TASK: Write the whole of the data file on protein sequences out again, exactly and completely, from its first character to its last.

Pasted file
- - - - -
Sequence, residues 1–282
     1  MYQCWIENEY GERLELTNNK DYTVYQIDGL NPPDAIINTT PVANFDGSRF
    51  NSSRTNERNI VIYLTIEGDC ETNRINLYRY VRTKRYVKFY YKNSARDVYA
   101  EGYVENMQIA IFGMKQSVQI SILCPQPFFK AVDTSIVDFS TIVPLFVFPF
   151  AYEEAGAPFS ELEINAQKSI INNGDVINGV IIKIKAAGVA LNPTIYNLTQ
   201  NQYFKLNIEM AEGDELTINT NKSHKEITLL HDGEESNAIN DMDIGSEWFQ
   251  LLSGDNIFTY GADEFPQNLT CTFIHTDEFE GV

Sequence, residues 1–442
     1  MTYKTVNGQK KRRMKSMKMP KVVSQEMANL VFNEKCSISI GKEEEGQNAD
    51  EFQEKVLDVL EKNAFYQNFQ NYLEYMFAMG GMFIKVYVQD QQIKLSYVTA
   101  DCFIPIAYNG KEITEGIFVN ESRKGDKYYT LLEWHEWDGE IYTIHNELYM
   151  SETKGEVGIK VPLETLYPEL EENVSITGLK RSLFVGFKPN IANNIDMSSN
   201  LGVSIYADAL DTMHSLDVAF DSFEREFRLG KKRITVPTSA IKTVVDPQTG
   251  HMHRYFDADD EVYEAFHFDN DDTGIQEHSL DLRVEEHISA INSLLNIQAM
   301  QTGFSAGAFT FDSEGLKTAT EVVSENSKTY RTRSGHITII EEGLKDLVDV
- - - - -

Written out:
Sequence, residues 1–282
     1  MYQCWIENEY GERLELTNNK DYTVYQIDGL NPPDAIINTT PVANFDGSRF
    51  NSSRTNERNI VIYLTIEGDC ETNRINLYRY VRTKRYVKFY YKNSARDVYA
   101  EGYVENMQIA IFGMKQSVQI SILCPQPFFK AVDTSIVDFS TIVPLFVFPF
   151  AYEEAGAPFS ELEINAQKSI INNGDVINGV IIKIKAAGVA LNPTIYNLTQ
   201  NQYFKLNIEM AEGDELTINT NKSHKEITLL HDGEESNAIN DMDIGSEWFQ
   251  LLSGDNIFTY GADEFPQNLT CTFIHTDEFE GV

Sequence, residues 1–442
     1  MTYKTVNGQK KRRMKSMKMP KVVSQEMANL VFNEKCSISI GKEEEGQNAD
    51  EFQEKVLDVL EKNAFYQNFQ NYLEYMFAMG GMFIKVYVQD QQIKLSYVTA
   101  DCFIPIAYNG KEITEGIFVN ESRKGDKYYT LLEWHEWDGE IYTIHNELYM
   151  SETKGEVGIK VPLETLYPEL EENVSITGLK RSLFVGFKPN IANNIDMSSN
   201  LGVSIYADAL DTMHSLDVAF DSFEREFRLG KKRITVPTSA IKTVVDPQTG
   251  HMHRYFDADD EVYEAFHFDN DDTGIQEHSL DLRVEEHISA INSLLNIQAM
   301  QTGFSAGAFT FDSEGLKTAT EVVSENSKTY RTRSGHITII EEGLKDLVDV